Editor’s Note: This is the second in a series of columns that will be published throughout July highlighting the experiences of different members of the Kentucky Coalition for Advancing Education and the work that will take place moving forward.
As a student, participating in several discussions with education stakeholders from all corners of the Commonwealth during the 2021 Commissioner’s Virtual Listening Tour was an excellent experience.
We felt empowered as student leaders and well-equipped by the Kentucky Department of Education to engage in conversations with key education stakeholders in communities across our great state. Dr. Jason E. Glass, commissioner of education, tried to acknowledge the instrumental work of young people many, many times, and he continues to do so.
The discussions gathered key information on a range of topics, from student mental health to testing and beyond. The COVID-19 pandemic disrupted education as we knew it, so there is truly no better time than now to look at ways to better serve Kentucky’s students.
However, the Listening Tour was but one step of this very complex but worthwhile process. Now, as a member of the Kentucky Coalition for Advancing Education, I am working alongside many individuals to highlight the largest ideas shared across Kentucky when it comes to the future of education in the Commonwealth. As a student, I do focus primarily on the ideas of students as conclusions are drawn based on data collected.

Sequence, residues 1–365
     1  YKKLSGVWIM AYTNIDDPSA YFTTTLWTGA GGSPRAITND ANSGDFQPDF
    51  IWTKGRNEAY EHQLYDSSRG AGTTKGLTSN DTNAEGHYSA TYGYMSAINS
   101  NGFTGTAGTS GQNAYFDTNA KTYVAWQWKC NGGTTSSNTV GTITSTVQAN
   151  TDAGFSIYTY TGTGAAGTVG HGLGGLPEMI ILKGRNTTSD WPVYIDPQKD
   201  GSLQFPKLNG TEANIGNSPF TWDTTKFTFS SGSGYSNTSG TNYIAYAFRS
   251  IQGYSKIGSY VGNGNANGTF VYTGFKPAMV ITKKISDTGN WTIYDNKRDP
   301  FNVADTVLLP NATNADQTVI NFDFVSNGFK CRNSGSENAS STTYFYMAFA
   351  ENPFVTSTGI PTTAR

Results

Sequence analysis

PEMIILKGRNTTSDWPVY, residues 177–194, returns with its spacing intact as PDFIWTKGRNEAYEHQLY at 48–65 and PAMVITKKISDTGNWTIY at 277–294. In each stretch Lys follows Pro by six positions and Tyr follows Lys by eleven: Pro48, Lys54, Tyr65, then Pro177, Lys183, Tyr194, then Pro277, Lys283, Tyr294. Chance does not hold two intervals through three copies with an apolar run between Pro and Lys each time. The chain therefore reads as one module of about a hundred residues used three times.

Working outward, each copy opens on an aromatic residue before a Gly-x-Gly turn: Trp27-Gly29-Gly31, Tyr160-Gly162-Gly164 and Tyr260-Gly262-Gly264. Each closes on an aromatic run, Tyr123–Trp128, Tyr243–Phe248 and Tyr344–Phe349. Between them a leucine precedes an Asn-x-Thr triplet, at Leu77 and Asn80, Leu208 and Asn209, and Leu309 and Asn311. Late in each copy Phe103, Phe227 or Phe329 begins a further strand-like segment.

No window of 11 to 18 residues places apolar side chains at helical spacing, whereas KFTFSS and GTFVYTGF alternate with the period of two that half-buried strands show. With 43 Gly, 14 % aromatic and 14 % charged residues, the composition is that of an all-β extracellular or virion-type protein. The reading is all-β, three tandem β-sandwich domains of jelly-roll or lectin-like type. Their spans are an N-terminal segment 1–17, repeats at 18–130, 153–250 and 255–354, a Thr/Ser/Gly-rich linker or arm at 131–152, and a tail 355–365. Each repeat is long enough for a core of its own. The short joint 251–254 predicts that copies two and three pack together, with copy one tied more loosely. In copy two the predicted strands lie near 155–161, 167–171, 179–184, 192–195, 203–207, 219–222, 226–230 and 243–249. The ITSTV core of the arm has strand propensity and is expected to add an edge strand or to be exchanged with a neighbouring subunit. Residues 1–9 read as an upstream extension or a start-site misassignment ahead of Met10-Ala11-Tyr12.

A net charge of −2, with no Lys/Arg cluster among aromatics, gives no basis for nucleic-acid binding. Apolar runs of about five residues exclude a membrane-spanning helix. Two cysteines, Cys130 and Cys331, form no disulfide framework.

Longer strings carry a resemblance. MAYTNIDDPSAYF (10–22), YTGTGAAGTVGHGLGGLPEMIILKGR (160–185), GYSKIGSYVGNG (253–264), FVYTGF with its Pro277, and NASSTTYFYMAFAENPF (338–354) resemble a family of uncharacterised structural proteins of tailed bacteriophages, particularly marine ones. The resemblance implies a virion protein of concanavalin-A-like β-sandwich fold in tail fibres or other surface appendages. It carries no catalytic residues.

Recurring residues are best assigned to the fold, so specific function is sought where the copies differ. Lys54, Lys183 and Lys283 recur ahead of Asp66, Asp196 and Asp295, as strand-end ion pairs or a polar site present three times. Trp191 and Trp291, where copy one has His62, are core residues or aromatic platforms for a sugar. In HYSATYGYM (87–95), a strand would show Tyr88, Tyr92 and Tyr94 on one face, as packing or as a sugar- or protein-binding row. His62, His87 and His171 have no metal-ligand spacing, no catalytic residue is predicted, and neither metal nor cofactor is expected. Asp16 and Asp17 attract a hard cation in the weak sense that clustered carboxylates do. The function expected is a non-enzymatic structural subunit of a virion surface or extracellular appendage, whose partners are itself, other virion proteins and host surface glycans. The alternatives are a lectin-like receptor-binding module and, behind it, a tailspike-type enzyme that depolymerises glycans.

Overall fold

Students desire to feel included when decisions are being made – especially at the local level – because many decisions are left in the hands of local leaders by design. Students desire choice when it comes to their education as it relates to the content they learn, as well as the classes they take. Among the storylines that arose from the coalition’s work, a major one exists embedded within quotes such as this:
“Sometimes I just wish I had a choice. I am in high school and each year we read a classic. I can never relate to these stories, there are no people like me in these stories. I read and do my work but wish many times I could suggest books we spend six weeks on. Books with boys like me. …”
There is a desire among students for opportunities to take ownership, highlighting how students are more than the “irresponsible” label often placed on them. Additionally, students indicate they need a system of education that recognizes their individuality as people who live lives outside of the classroom, and which places value on their unique abilities and experiences.
Students often talked during the listening tours about wanting to be known and treated as individuals.
“One time I remember … was when my school would offer high-level math classes, … they wanted the math classes to be focused on standardized testing and I really wanted math to be about application to the real world,” one student said, “I asked why we weren’t doing more projects and things beyond test prep. But, at the time I didn’t think I could do a lot to change things, so I ended up just doing the work.”
Standard and standardized tests do not consider either the gifts or challenges we have as individuals. They do not consider our unique talents, our home lives, our day-to-day difficulties or the horrific systemic barriers some of us face. Standardized tests do not witness the impact they have on our mental health.